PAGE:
Tote bag 12 serves as the outer bag to at least partially contain an electrostatic discharge (ESD) liner 14 in which electronically-sensitive contents (not shown) will be stored for transportation.
In general, ESD liner 14 is sewn into bag 12. However, because ESD material tears easily, such sewing can initiate small tears that can compromise the ESD performance of ESD liner 14. In one implementation, this problem is overcome by coupling one or more layers of a reinforcing material, such as, for example, a fibrous web, to portions of join regions 14C and 14D that will be used to stitch liner 14 to bag 12A. For example, in one implementation, the reinforcing material is a tape 16 incorporating a web of fibers (e.g., bi-directional packing tape or high-temperature tape). The tape 16 may be adhered to each of sheets 14A and 14B along portions of each of join regions 14C and 14D, and may be wrapped around the edges of join regions 14C and 14D.
Next, in one implementation, sealed end 14F may be folded onto itself at least one time (e.g., along dashed line 14G) to thereby form a folded end 14H (
ESD liner 14 may sized such that, after assembly to bag 12A as just described, open end 14E of ESD liner 14 extends out from open end 12B of bag 12A, as shown in
In addition to the use of stitching 18 to retain ESD liner 14 in bag 12A, folded end 14H (i.e., formed by folding at 14G) can be positively retained in its abutting relationship with bag 12A. This has the benefit of assuring that the weight of contents resting against folded end 14H is transferred to bag 12A as opposed to being supported by the weaker sealed end 14F of ESD liner 14. Such positive retaining of folded end 14H can be achieved by using hook-and-loop fastening strips with one strip 20 coupled (e.g., stitched) to the inside of bag 12A and the complementary strip 22 coupled to ESD liner 14 along folded end 14H. To avoid unnecessary puncturing of ESD liner 14, strip 22 can be adhered thereto using, for example, a flexible double-sided tape.
To assure that the opening of bag 12A simultaneously causes the opening of ESD liner 14 (at open end 14E), additional hook-and-loop fastening strips can be coupled to bag 12A and ESD liner 14. More specifically, one (or more) strip 30 can be coupled (e.g., stitched) to the inside of bag 12A near open end 12B and the complementary strip(s) 32 could be coupled to ESD liner 14 at a corresponding position(s). Strip 32 can be adhered to ESD liner 14 using a flexible double-sided tape.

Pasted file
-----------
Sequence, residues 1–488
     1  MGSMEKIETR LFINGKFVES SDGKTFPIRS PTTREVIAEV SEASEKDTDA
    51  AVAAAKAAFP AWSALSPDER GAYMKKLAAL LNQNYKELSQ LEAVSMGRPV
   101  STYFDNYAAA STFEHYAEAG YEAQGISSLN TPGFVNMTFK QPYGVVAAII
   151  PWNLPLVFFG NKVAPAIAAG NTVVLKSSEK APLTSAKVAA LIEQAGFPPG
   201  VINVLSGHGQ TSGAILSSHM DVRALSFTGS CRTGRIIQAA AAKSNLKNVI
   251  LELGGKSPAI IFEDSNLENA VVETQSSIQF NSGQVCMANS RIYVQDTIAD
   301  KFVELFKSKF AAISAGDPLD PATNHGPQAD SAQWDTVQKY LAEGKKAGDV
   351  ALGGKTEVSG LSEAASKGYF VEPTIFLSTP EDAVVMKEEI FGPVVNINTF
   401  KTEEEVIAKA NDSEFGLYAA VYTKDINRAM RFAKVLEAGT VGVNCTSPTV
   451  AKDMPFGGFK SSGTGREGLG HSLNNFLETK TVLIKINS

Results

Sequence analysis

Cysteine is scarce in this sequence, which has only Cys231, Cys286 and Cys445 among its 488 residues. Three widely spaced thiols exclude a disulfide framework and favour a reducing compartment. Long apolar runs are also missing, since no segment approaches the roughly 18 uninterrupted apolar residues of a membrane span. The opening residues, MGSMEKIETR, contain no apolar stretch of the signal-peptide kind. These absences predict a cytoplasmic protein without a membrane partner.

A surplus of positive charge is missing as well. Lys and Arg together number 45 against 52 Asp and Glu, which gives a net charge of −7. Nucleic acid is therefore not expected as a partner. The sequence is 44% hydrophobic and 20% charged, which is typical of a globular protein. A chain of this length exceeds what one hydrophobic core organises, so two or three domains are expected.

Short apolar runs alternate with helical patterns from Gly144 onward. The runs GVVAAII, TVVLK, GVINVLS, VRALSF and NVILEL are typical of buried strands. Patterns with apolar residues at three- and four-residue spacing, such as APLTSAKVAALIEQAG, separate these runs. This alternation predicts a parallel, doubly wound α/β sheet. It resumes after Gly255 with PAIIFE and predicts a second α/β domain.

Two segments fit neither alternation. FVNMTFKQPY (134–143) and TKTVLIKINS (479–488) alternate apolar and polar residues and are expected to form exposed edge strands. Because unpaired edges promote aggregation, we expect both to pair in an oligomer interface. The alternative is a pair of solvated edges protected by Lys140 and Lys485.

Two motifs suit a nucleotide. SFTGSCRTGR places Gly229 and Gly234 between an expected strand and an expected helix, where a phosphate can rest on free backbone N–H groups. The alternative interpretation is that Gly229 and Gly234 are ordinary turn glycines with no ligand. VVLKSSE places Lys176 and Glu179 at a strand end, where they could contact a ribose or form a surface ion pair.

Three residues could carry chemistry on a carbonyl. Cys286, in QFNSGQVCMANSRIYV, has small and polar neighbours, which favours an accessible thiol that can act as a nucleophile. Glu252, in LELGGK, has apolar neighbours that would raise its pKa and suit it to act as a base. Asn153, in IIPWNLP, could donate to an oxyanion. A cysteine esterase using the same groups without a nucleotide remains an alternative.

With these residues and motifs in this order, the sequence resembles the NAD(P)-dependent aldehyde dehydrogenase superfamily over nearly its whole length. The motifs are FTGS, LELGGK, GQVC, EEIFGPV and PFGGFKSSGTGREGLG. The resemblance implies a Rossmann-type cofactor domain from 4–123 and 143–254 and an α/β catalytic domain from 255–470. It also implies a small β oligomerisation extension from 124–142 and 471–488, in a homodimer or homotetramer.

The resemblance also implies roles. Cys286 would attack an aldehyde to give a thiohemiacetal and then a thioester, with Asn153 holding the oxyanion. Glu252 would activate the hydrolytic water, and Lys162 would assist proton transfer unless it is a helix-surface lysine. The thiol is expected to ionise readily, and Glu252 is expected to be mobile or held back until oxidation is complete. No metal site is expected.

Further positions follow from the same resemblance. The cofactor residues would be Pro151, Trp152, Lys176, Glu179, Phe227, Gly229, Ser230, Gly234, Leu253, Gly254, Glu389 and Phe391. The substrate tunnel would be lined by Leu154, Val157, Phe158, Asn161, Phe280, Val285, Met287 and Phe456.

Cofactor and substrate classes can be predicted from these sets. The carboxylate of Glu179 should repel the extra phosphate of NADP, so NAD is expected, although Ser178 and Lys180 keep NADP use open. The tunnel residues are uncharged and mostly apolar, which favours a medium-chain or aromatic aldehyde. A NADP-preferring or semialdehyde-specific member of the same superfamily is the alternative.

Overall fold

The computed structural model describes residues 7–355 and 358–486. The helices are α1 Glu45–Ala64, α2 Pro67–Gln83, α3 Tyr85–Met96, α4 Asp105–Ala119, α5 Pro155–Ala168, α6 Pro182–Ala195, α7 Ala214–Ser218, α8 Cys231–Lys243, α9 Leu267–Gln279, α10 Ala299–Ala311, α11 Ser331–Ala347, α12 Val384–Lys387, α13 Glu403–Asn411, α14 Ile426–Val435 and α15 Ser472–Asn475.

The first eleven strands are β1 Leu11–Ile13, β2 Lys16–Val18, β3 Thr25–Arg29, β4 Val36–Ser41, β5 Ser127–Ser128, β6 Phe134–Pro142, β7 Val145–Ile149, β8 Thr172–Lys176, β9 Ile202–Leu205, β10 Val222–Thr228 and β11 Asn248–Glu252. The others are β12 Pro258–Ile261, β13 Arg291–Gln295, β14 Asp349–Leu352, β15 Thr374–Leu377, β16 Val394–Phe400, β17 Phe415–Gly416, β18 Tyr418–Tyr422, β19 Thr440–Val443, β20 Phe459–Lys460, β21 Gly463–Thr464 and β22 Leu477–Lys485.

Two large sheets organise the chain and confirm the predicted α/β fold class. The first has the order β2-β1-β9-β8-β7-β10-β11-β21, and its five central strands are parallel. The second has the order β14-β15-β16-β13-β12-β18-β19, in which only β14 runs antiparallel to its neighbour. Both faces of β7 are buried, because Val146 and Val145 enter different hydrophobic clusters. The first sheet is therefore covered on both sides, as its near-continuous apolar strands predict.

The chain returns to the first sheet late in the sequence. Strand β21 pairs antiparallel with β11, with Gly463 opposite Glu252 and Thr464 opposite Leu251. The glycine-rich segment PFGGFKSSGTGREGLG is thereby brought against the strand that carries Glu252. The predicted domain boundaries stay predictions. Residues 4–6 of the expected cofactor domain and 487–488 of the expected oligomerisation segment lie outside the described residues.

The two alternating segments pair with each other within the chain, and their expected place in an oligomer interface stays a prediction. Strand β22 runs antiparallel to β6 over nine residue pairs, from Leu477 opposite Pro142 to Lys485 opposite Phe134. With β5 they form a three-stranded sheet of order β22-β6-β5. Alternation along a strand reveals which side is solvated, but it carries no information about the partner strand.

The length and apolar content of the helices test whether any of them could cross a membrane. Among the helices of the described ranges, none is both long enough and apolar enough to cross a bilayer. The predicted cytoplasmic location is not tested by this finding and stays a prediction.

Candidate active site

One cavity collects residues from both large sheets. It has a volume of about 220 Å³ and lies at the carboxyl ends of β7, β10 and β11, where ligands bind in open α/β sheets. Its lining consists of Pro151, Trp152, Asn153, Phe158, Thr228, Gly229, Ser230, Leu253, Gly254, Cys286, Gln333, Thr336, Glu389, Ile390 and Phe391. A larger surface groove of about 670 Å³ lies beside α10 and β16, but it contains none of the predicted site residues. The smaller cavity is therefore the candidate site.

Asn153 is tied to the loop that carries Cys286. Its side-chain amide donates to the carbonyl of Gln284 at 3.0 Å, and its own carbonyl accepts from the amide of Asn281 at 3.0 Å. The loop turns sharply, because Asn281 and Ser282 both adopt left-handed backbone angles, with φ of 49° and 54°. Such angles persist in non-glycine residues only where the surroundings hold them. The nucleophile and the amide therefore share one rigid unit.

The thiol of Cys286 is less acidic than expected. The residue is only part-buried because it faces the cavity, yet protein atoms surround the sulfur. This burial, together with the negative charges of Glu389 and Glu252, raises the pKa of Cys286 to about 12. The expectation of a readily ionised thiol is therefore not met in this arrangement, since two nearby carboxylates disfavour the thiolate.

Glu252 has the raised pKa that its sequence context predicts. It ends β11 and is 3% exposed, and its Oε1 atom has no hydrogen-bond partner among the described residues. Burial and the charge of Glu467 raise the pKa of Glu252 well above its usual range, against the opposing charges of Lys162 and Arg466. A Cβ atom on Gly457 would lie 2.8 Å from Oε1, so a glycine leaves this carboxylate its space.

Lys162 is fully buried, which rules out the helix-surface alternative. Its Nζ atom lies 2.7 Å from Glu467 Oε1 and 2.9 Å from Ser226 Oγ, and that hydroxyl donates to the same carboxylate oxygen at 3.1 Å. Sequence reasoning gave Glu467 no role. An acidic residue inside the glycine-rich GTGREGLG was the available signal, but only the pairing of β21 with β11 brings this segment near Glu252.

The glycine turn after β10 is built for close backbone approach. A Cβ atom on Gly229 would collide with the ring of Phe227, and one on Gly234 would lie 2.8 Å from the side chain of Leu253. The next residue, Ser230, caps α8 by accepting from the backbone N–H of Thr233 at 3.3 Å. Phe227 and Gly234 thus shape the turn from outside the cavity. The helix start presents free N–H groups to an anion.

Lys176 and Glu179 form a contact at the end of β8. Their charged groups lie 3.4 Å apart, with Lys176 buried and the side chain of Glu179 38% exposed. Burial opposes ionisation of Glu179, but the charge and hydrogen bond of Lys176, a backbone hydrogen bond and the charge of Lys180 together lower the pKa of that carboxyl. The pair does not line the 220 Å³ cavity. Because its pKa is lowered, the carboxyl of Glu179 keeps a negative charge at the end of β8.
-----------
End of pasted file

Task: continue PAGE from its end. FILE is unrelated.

As described, the tote bag assembly is easily opened/closed and provides ESD protection of the contents stored therein. The assembly minimizes the risk of ESD liner tears while providing a reusable and easily-carried tote bag for field transportation of ESD-sensitive ordnance or electronic devices.
Other implementations are within the scope of the following claims. For example, sealed end 14F of ESD liner 14 could be realized by a fold if ESD liner 14 were made from a single piece of ESD material that was folded at the location of end 14F. If folded in this fashion, the folded region of ESD liner 14 should be placed in an abutting relationship with the closed end 121 of bag 12A. Furthermore, the placement of tape 16 is not limited to that shown in FIG. 3—as other non-limiting options are illustrated in
Yet another option is shown in
In certain implementations, it may be possible to eliminate the use of a reinforcing material such as a fibrous web or tape. For example, as illustrated in
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|U.S. Classification||383/107, 383/109, 383/105, 383/6, 206/720, 383/119|
|International Classification||B65D30/08, B65D85/00, B65D33/06, B65D30/00, B65D33/00, B65D33/02|
|Cooperative Classification||B65D2213/02, B65D77/04, B65D33/00|
|European Classification||B65D77/04, B65D33/00|
|Nov 15, 2004||AS||Assignment|
Owner name: UNITED STATES OF AMERICA AS REPRESENTED BY THE SEC
Free format text: ASSIGNMENT OF ASSIGNORS INTEREST;ASSIGNOR:MAIN, RICHARD E.;REEL/FRAME:015997/0197
Effective date: 20041115
|May 21, 2012||REMI||Maintenance fee reminder mailed|
|Oct 7, 2012||LAPS||Lapse for failure to pay maintenance fees|
|Nov 27, 2012||FP||Expired due to failure to pay maintenance fee|
Effective date: 20121007